Nowadays, becoming a YouTuber or a streamer on Twitch or some other similar service is something that a lot of people are interested in, especially the younger generation. However, those who are just starting out, don't have a lot of money to put into equipment and software or don't want to spend too much for something that may not work out in the end. Fortunately, you can record the content of your screen and broadcast it on the Internet without paying anything. Here's how:
Open Broadcaster Software
One of the most popular tools on Twitch, and not only, is an application called OBS, or Open Broadcaster Software. It's an open source tool (hence the name) that anyone can install and that doesn't have any downsides such as adware, limitations or other hidden stuff. As a piece of advice, in case you don't have any additional hardware like a RealSense camera, leaving only the Browser Source box checked as you don't really need the others.
As far as running the application goes, the first thing that you're going to want to do is to run the configuration wizard and have OBS automatically optimize itself either for streaming (in case that's what you're using it for) or for screen recording. Basically, this will tell the application whether it should focus on creating videos at a constant fps rate or if the quality of the image is more important to you. Next, you should make the required audio configurations and instruct the application to capture the sound from your microphone, the in-game sound or both. Finally, set up the exporting options, either by choosing the streaming service that you want to use or by selecting the output folder, format, quality, etc. for saving recorded videos.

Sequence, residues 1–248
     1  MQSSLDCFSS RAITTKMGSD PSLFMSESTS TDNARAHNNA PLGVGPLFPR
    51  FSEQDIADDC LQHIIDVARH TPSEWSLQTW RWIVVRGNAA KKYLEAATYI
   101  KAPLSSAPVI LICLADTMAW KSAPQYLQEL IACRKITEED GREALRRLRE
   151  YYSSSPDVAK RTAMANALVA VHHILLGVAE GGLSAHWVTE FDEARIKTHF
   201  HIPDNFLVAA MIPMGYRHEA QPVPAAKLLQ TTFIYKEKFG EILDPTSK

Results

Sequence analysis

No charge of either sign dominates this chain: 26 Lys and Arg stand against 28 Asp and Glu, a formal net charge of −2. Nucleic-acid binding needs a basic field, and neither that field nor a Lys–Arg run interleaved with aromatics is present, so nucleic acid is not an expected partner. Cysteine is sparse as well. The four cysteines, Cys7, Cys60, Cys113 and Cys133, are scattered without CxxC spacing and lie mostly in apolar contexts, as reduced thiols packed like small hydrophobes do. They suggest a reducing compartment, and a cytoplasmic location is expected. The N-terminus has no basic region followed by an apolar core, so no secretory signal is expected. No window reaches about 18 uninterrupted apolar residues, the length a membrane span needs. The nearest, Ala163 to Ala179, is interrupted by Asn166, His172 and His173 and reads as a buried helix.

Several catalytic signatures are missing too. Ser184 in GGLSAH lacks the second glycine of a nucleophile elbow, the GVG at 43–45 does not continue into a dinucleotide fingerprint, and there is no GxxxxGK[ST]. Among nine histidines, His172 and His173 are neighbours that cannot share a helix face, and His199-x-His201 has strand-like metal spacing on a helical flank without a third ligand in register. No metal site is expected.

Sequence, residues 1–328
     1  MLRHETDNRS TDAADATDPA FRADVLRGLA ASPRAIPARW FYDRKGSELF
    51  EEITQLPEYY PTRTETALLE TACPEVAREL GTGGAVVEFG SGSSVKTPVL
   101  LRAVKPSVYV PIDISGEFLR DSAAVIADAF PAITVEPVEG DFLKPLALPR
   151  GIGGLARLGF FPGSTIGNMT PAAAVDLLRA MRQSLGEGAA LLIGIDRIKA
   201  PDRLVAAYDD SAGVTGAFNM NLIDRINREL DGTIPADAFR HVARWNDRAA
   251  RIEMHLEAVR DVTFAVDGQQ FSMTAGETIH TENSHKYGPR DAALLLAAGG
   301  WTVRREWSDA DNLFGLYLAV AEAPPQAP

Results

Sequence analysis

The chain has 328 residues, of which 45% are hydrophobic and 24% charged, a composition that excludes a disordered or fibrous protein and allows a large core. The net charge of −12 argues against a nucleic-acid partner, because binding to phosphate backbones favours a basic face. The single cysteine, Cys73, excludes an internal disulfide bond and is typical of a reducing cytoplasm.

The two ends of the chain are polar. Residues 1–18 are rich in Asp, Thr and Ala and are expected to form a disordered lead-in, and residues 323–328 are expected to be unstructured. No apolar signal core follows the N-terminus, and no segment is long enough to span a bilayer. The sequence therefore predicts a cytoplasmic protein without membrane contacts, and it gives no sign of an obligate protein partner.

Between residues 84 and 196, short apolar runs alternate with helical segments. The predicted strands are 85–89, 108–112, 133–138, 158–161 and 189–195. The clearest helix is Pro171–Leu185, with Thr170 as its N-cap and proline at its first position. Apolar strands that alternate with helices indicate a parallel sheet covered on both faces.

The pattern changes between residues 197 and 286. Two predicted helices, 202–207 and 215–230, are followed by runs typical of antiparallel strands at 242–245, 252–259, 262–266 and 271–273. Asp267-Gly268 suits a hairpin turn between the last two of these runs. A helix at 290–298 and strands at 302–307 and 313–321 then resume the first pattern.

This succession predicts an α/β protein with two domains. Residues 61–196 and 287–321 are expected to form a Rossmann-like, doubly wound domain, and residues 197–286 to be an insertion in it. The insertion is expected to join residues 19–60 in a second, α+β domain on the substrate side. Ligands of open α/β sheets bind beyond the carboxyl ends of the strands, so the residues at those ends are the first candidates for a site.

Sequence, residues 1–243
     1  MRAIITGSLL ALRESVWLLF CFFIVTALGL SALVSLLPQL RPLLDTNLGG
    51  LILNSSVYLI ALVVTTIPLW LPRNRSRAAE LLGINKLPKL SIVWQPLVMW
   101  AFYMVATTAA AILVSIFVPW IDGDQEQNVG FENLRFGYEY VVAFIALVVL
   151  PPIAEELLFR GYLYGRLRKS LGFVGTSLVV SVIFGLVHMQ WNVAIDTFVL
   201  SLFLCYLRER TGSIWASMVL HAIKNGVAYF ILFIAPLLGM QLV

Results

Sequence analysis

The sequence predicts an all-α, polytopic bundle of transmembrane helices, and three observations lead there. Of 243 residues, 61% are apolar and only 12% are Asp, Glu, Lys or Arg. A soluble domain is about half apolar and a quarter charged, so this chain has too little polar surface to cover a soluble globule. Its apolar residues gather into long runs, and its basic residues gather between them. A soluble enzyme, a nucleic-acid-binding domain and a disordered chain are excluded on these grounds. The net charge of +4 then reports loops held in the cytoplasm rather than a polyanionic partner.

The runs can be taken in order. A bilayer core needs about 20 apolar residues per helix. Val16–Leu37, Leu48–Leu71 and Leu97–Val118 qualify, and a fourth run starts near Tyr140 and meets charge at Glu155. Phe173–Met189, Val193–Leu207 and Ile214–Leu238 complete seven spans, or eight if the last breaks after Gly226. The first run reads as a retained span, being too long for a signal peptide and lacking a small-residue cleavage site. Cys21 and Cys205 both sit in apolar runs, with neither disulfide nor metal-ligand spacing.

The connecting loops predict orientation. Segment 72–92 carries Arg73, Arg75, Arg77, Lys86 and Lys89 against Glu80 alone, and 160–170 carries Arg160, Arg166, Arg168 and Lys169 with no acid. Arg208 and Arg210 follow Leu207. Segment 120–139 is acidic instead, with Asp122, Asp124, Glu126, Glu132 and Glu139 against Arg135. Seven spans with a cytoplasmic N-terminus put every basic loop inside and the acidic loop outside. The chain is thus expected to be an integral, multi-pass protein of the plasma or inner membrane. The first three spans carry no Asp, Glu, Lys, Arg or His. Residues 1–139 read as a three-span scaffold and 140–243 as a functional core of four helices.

There's one more cool thing about OBS. If you really want to be a streamer, showing the action on your screen on the entirety of the broadcast isn't the best solution. You should include a webcam feed or at least a couple of images and overlays to help you develop your brand. Well, the tool makes things quite simple allowing each user to determine their own Sources as well as their sizes and positions on the stream.
Another very popular among streamers is something called XSplit, which comes in two flavors: XSplit Broadcaster and XSplit Gamecaster. Truth be told, both of them have paid versions that give you access to a lot of professional features, but if you're a beginner, you can easily get the job done with just the basic options offered by the free version. You can even stream in HD and that's really not bad for a tool that you didn't pay for.
There you have it, friends, now you know how to record and stream the action on your screen for free. Before we end things, let me give you one more piece of advice: if you're not trying to create something professional and you're simply helping a friend, remember that taking screenshots in Windows is a lot easier and the output files are easier to share than a full-blown video.